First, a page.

UPDATES

Aussie ex-pat brings Murray-Darling spirit to Israelis, Palestinians and Jordanians

Mar 29, 2012 | Daniel Meyerowitz-Katz

Aussie ex-pat brings Murray-Darling spirit to Israelis
news_item/a5.jpg

On a family rip back to Australia, Gidon Bromberg, an Australian environmental activist now living in Israel, picked up a copy of Chris Hammer’s book The River: A Journey Through The Murray-Darling. Bromberg was inspired by Hammer’s description of the process that led to the Federal Government passing legislation in 2007 to protect the river basin; so inspired, in fact, that he decided to bring Hammer to Israel and attempt to replicate the feat and help the long-suffering Jordan River.

Bromberg has written about this in today’s Jerusalem Post.

The Australian model reflected real political will that we at Friends of the Earth Middle East (FoEME) are still trying to create for the lower Jordan River. Years of advocacy efforts in the region have led to sewage being removed from the river, a first commitment for a limited fresh water release and a FoEME-led master plan being launched recently. But FoEME’s rehabilitation call is still generally seen as unrealistic and unachievable due to water scarcity and the national conflicts over water.

When I wrote to Chris Hammer inquiring as to whether he would come to the region and be willing to speak before Israeli, Jordanian and Palestinian decision makers about the political will created in Australia, a land of water scarcity and water conflict between states, he immediately responded with a “yes, I’ll do it.” With the support of the Australian Government through her embassies in Tel Aviv and Amman and the Representative Office in Ramallah, Chris has this week completed a set of round-table discussions with parliamentarians, government ministries, scientists and local NGOs in each city.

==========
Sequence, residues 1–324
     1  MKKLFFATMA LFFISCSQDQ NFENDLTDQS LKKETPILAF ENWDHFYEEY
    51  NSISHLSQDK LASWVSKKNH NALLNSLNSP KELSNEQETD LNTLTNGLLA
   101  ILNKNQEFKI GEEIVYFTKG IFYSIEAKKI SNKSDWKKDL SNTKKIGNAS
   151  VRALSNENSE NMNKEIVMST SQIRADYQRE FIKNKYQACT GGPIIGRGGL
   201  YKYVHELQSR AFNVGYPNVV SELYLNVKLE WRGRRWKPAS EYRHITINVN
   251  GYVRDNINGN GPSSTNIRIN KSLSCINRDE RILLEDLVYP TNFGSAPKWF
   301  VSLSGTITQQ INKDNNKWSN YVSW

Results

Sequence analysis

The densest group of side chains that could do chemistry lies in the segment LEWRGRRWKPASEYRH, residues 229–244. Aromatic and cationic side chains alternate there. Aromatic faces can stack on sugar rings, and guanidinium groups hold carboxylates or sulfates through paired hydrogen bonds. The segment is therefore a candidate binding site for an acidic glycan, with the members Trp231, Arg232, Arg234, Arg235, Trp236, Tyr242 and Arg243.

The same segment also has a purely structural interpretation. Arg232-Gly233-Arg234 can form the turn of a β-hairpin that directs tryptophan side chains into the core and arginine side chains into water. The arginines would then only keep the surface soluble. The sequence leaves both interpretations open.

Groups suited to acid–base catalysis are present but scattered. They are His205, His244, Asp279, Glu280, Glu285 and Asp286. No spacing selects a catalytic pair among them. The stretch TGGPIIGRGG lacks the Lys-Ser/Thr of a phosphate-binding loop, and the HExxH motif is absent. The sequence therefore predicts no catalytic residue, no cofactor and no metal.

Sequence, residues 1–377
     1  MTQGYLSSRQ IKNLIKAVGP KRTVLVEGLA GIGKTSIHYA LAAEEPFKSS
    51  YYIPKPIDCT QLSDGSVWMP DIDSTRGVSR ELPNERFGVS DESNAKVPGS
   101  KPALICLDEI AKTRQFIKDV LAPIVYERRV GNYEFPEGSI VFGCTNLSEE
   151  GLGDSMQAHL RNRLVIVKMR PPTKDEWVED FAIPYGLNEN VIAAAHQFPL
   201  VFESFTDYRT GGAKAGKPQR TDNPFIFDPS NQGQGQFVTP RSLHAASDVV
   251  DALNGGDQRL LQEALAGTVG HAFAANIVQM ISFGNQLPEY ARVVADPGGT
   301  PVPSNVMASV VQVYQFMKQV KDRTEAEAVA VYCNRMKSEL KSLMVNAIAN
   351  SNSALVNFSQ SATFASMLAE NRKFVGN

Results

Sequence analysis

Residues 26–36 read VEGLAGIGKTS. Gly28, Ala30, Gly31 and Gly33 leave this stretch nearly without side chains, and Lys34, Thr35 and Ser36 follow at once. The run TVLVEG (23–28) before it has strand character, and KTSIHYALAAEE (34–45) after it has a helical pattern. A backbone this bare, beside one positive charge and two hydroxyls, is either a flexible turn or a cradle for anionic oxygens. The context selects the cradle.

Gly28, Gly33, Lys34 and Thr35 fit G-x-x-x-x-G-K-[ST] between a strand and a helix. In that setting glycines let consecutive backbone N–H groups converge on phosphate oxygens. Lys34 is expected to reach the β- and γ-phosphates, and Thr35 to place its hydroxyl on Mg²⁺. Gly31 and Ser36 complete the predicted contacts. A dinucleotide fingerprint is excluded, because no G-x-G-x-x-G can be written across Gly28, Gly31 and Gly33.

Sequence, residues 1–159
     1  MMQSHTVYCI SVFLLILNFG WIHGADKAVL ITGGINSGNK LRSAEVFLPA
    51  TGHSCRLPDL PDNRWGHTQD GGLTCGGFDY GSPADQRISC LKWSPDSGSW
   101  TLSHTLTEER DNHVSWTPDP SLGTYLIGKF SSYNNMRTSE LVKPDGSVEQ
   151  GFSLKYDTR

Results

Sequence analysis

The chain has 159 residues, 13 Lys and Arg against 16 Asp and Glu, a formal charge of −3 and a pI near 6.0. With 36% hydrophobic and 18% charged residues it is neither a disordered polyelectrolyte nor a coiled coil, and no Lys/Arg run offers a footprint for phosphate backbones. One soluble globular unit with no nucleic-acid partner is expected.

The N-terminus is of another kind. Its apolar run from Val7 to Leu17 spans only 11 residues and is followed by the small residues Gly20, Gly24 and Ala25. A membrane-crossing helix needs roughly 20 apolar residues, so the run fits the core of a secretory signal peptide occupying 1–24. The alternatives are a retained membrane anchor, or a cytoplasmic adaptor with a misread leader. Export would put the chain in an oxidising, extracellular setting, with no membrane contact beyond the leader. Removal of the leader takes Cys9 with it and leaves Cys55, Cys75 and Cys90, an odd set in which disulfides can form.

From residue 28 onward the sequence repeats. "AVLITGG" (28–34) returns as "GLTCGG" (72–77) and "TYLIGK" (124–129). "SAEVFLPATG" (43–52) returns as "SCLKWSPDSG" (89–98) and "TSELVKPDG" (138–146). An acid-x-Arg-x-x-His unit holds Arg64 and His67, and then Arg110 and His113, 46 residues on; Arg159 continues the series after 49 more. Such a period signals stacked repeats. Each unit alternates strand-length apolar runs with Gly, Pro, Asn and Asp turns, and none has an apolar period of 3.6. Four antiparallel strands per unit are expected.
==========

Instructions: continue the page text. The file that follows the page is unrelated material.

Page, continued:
While Bromberg is — understandably — focussed on his work with the river, it is worth noting that he is glossing over what could be, in political terms, a major step forward:

While typical skepticism remains, clear statements were made during the round-tables in Amman, Tel Aviv and Ramallah that each side would be willing to join the effort of river rehabilitation if only they had a partner on the other side. Some would say a lack of trust remains the greatest hurdle to political will.

If Bromberg successfully brings the Palestinians, Jordanians and Israelis together to improve the environment, he will have made an unprecedented diplomatic breakthrough. Until now, the three sides have only been in the same place during tense negotiations about the conflict — none of which have been particularly successful — and have failed to work together on matters in which they have a shared interest. For example, a bid last year to make the Dead Sea one of the ‘New Seven Wonders of The World’ failed, largely because the governments of Israel and Jordan and the Palestinian Authority could not coordinate a campaign, even though success would have boosted tourism for all three.